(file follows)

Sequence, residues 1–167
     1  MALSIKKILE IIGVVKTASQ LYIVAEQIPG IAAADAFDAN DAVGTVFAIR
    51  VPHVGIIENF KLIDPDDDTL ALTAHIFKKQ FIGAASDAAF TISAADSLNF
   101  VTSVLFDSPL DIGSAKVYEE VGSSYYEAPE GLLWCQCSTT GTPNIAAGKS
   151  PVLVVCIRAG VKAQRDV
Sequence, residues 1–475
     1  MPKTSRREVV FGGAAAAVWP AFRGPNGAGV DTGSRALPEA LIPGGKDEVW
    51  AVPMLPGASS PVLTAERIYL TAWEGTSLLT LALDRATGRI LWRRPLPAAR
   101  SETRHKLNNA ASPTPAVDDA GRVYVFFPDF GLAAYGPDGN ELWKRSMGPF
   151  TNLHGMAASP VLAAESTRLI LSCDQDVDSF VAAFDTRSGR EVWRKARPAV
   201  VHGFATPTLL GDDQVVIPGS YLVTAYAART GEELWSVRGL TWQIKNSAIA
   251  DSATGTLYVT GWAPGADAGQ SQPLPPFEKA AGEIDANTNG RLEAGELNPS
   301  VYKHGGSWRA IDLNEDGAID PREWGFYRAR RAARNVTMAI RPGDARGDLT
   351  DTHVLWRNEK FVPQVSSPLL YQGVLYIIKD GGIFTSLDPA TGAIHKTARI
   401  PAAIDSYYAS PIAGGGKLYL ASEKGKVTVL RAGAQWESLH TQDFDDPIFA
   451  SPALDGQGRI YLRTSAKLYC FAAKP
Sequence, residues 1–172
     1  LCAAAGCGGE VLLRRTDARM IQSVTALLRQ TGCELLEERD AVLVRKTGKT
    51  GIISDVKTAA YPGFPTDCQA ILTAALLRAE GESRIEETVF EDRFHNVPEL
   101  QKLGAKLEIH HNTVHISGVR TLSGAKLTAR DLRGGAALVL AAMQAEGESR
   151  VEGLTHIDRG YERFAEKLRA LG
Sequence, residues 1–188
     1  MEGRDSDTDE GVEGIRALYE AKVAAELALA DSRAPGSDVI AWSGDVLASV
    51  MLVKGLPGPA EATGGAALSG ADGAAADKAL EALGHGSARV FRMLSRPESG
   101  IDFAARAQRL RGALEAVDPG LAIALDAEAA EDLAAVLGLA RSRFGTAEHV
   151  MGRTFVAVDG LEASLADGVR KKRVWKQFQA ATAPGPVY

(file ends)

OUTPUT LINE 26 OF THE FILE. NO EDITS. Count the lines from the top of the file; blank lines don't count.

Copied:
   151  MGRTFVAVDG LEASLADGVR KKRVWKQFQA ATAPGPVY